Meet the artists responsible for South Salt Lake’s Mural Fest 2019
May 20, 2019 12:03PM
By Holly Vasic
Traci O’Very Covey in front of her mural titled “Habitat” at South Salt Lake’s Mural Fest. (Holly Vasic/City Journals)
By Holly Vasic | [email protected]
On May 11, artists and those who appreciate art gathered at The Commonwealth Room at 195 W. 2100 South in South Salt Lake, for the city’s second annual Mural Fest. The murals are painted on various locations throughout South Salt Lake’s industrial area commissioned by The Utah Arts Alliance, South Salt Lake Arts Council and the businesses who agreed to the art on their buildings.
Art enthusiasts had the opportunity to take a tour of 10 new murals and meet the artists with the help of a walking or biking map. For those who missed out on the festivities, the map can be found on Mural Fest’s website www.utaharts.org/mural-fest.
Billy Hensler, who participated last year, is the artist behind the first mural on the map, a piece painted on the east wall of The Commonwealth Room. Hensler considered what the building was when he began working on the piece. “I knew this was a music venue so I wanted something exciting,” Hensler said.
The third stop on that map, Shades Brewing at 154 W. Utopia Ave., got a facelift from artist Chuck Landvatter, another past participant, who has painted some 20 murals that can be seen at The Gateway and other Salt Lake City locations.
Trent Call had to work during the night to complete his mural on the Beehive Distilling building, located at 2285 S. Main St. and just off the TRAX line. He had to work when the train wasn’t running to be able to use the forklift to complete the piece, which is at stop six on the map. Call had applied to paint the mural to commemorate the 150th anniversary of the Golden Spike, which occurred a day prior to the Mural Fest. His goal was “painting a mural about trains with no trains,” Call said.
Giant gnomes now greet customers and passersby of Sugarpost Metal, 80 W. Truman Ave. and stop eight on the map, thanks to artist Josh Sheuerman. His inspiration came from Sugarpost Metal’s unique lawn ornaments known as gnome-be-gones. Sheuerman explained the owner of Sugarpost has been making the lawn sculptures for years.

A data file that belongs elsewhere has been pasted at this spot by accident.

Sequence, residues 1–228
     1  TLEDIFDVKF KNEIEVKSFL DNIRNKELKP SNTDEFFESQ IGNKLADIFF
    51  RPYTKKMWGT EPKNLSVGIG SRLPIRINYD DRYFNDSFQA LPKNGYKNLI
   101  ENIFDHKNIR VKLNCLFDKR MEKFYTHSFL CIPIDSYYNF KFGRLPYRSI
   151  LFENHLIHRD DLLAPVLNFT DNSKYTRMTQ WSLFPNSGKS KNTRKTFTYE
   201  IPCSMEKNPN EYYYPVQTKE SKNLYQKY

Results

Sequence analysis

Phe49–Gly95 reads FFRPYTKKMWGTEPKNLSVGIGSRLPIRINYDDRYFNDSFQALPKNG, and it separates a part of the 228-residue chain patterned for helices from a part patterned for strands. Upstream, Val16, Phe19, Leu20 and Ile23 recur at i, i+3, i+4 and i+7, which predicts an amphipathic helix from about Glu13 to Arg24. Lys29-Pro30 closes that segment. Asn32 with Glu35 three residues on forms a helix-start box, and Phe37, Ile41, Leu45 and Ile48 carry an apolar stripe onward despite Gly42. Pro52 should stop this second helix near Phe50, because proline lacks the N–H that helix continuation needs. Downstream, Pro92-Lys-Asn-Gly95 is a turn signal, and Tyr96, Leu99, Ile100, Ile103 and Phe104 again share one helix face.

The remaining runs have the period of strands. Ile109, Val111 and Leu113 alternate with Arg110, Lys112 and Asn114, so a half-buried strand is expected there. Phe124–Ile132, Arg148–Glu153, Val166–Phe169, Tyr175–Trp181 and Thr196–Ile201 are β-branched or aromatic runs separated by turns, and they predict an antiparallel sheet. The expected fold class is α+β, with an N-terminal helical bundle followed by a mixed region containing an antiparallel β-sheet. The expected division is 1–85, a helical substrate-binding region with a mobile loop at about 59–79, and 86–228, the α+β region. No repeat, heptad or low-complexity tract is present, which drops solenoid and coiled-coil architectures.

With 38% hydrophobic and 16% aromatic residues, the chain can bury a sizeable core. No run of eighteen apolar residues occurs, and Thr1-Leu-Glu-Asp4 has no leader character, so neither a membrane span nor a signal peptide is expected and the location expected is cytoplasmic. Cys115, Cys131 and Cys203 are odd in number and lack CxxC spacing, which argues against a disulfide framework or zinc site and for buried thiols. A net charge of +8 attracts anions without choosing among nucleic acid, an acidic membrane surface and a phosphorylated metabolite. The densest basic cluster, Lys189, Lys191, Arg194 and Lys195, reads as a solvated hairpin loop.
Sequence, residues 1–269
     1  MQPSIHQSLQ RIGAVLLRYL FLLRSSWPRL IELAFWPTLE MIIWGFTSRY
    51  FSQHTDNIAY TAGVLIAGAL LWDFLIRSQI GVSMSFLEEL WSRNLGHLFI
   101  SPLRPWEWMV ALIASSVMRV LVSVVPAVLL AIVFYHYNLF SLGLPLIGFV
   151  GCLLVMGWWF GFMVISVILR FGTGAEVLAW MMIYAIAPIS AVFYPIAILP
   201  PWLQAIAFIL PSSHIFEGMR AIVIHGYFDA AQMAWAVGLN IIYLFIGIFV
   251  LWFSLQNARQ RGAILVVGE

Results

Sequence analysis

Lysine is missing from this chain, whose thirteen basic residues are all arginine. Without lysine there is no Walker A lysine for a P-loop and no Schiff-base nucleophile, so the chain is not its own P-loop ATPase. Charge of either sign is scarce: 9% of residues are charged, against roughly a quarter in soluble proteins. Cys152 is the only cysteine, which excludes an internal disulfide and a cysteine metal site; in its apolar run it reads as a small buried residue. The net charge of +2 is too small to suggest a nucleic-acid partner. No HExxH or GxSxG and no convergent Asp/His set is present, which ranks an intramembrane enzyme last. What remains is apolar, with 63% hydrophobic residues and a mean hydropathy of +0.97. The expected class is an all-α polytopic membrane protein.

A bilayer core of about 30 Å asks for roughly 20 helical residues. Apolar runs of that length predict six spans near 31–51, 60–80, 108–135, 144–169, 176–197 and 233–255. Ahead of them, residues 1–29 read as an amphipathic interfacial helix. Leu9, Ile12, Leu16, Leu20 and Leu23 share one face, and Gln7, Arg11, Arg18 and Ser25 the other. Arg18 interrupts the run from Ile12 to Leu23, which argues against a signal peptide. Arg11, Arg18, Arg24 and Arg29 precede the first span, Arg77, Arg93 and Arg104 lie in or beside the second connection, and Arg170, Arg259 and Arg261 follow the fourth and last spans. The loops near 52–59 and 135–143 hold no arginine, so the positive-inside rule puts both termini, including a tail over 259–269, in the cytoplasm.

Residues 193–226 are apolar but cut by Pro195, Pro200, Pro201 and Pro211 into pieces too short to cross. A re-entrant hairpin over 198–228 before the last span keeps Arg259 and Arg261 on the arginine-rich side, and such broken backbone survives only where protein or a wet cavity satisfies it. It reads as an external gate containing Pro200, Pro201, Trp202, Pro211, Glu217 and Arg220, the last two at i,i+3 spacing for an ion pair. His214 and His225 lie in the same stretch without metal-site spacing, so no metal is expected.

“He came up with the idea of creatures coming in the night and stealing the gnomes,” Sheuerman said. “They have been so proficient over the years that I thought that I’d do the reverse role of making giant Godzilla gnomes that are then destroying the gnome-be-gones.” He said the owners loved the idea.
Artist Traci O’Very Covey hoped to bring a sense of community to Mountain Land Design, 2345 S. Main St., with her work. Covey called the mural “Habitat.”
“A lot of my art work is about the grace and joy of everyday life,” she said. “We’ve got dogs, and good food, and houses, and community, and the mountains and that’s basically what it’s like. It’s just enjoying your everyday life.”
The live music, children’s activities, artist’s booths, and murals brought families, neighbors, and friends together to celebrate art. South Salt Lake Council member for District 3, Sharla Bynum, was pleased with the outcome and announced to the crowd that despite some disagreements within the city council about budget and other issues, Mural Fest was something they all agreed on.